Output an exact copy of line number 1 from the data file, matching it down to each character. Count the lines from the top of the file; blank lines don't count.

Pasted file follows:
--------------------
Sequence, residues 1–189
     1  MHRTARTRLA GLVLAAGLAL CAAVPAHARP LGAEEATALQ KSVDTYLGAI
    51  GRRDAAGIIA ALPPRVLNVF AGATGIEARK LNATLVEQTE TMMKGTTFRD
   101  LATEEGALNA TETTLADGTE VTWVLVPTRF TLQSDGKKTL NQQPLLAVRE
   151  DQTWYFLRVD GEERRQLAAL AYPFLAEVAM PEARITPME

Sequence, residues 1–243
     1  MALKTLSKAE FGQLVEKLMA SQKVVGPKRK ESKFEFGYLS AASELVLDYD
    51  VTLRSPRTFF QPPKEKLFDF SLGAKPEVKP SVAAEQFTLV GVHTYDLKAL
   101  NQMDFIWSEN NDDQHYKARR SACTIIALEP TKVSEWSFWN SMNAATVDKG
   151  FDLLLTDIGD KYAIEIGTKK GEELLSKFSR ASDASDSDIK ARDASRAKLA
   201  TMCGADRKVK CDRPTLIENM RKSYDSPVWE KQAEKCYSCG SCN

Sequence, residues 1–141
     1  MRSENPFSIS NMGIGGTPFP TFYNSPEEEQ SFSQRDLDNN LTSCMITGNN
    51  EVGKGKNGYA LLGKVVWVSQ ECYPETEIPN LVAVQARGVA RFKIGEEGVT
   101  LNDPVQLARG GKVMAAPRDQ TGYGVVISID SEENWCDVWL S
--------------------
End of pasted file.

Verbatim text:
Sequence, residues 1–189